Sumitra, horrified at Vijay’s ill-treatment and bereft of a husband to lend support, decides to move with her two young sons to Bombay. There, she and Vijay decide that they will earn money so that Ravi can get an education. She gets work ferrying stones at a construction site, while Vijay begins shining shoes. Vijay is deeply sensitive and fiercely proud, traits which he has inherited from both of his parents—we get to know him well through scenes like this one:
The tattoo on his arm is a constant reminder of his father’s betrayal. Ravi is enrolled in school, in the meantime, where he does well and is happy. Days are a hard struggle for Maa and Vijay though, and she teaches him some difficult—and very Indian!—lessons.
These sentiments aside, Maa is not a weeping, helpless woman; this is an Indian mother with a gritty toughness and pride which keeps her going for her two sons.
One day when she takes her two sons to the temple, Vijay refuses to go in. A priest urges her to let him be and she goes in with Ravi as Vijay sits outside. There is no surprise in Vijay’s rejection of his faith; at this point we have seen enough to understand his bewilderment and anger at a world turned upside down by his father’s desertion, and his inner struggle to maintain his sense of self-worth in the face of what he has to endure to help support his loved ones. It’s a perfect time to segue from childhood:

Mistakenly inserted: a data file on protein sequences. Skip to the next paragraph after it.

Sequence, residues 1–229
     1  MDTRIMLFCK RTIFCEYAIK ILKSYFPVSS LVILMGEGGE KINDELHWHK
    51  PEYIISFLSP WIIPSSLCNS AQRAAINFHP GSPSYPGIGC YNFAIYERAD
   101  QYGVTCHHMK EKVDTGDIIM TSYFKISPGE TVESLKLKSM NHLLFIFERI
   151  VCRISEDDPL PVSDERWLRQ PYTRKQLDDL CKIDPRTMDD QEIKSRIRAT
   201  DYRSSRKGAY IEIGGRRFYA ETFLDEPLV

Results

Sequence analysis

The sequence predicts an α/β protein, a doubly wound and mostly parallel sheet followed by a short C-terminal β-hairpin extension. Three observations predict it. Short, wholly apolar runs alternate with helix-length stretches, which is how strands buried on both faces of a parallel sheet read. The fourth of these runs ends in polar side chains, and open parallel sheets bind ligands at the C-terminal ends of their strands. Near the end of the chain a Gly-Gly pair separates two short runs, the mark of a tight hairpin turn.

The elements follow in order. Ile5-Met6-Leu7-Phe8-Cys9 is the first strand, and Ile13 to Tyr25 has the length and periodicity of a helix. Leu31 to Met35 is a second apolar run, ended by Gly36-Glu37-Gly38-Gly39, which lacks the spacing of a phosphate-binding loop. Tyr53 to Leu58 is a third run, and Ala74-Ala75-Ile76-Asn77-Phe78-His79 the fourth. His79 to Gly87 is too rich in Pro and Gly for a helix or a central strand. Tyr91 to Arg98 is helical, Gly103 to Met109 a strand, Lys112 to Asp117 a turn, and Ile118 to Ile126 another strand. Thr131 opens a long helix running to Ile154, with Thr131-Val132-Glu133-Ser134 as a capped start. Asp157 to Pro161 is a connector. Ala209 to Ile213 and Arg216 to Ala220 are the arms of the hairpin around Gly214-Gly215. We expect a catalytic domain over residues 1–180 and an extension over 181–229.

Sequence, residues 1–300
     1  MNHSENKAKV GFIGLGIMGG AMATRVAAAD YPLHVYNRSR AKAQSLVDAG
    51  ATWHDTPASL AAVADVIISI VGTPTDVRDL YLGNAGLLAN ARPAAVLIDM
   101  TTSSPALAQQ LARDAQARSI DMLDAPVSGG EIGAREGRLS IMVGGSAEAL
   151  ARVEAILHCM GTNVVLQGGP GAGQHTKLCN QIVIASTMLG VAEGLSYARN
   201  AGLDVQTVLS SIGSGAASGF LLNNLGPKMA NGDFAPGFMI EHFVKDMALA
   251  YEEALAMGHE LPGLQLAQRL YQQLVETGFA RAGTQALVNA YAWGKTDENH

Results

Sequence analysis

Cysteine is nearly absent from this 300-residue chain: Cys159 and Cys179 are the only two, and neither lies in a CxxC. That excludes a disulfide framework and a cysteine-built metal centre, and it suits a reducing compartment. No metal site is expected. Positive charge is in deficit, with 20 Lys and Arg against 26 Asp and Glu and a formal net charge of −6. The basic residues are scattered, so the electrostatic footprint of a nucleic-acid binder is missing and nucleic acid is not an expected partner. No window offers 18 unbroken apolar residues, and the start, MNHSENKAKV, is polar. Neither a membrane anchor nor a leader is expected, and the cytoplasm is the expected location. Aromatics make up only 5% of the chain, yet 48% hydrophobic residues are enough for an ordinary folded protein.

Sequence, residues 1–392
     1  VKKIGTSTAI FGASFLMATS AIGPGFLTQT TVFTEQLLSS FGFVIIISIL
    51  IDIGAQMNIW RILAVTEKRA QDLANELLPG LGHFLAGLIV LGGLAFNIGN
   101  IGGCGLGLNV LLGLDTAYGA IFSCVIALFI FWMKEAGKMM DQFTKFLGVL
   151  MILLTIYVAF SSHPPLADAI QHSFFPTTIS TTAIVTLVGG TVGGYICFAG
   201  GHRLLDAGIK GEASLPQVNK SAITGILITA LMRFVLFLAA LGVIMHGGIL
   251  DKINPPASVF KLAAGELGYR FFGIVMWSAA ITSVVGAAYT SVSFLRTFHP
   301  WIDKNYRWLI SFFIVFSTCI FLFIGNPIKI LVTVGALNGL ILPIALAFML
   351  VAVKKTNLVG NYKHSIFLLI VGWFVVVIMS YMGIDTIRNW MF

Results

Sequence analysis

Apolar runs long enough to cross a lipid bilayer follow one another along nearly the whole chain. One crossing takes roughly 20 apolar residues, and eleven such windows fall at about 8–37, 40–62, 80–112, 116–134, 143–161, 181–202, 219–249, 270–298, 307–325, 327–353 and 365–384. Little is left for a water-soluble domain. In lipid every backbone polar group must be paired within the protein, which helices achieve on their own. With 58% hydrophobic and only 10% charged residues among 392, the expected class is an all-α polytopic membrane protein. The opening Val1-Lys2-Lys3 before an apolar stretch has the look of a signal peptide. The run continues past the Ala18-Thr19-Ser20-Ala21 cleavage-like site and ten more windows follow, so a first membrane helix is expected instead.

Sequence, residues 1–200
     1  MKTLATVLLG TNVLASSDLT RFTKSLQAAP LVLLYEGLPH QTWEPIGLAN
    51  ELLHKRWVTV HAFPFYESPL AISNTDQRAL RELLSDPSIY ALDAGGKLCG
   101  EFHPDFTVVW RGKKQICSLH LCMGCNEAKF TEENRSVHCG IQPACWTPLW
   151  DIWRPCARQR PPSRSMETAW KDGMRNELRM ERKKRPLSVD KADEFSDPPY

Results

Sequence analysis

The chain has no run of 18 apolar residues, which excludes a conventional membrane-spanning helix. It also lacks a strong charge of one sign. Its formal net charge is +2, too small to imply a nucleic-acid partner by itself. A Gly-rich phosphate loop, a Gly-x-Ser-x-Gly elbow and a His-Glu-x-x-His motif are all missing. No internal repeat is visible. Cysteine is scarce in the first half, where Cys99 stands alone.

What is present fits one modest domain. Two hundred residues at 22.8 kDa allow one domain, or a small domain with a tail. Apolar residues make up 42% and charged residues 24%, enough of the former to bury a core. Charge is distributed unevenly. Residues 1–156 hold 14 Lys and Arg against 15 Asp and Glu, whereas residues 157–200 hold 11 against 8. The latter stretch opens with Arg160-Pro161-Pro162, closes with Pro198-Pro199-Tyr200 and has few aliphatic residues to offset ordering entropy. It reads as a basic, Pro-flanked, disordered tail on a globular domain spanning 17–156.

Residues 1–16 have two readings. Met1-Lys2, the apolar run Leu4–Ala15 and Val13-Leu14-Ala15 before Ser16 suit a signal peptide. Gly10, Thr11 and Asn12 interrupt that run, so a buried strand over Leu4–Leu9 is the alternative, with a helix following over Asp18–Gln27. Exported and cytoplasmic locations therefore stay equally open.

to adulthood, years later. Temple bells jangling, a now grown-up Ravi (Shashi Kapoor) accompanies his Maa back outside, where Vijay waits impatiently. Ravi is clearly used to playing peacemaker between mother and brooding son.
Ravi has graduated from college and is fruitlessly looking for work, while romancing Leena (Neetu Singh), the daughter of the District Commissioner of the Police. They love each other, although Ravi has become very discouraged by his inability to find work—largely because he doesn’t have any influential contacts to put in a good word for him.
They sing a lovely duet, and their happiness in each other is a sweet bit of relief from all the tension of the story. It also illuminates the difference between a momentarily disappointed but essentially optimistic Ravi and his much more serious older brother. Ravi wants to find work and contribute to his family’s situation, but he is not anywhere near as desperate as his brother and mother were as he was going to school and growing up.
The shared memories of that desperation bond Vijay and his mother at the same time as it creates tension between them. Vijay cannot understand his mother’s tenacious grasp on her ideals and her faith, and she doesn’t understand as her emotionally scarred son drifts further away from her.
Vijay works as a coolie on the docks, where a few rupees is extorted from each coolie on paydays by a local gangster. When a new worker refuses to pay up, he is killed and Vijay’s seething resentment and anger bubbles to the surface. He refuses to pay as well, and when the gang leader Peter (Kuljeet) orders his men to teach Vijay a lesson, Vijay comes to Peter’s warehouse base and teaches them the lesson.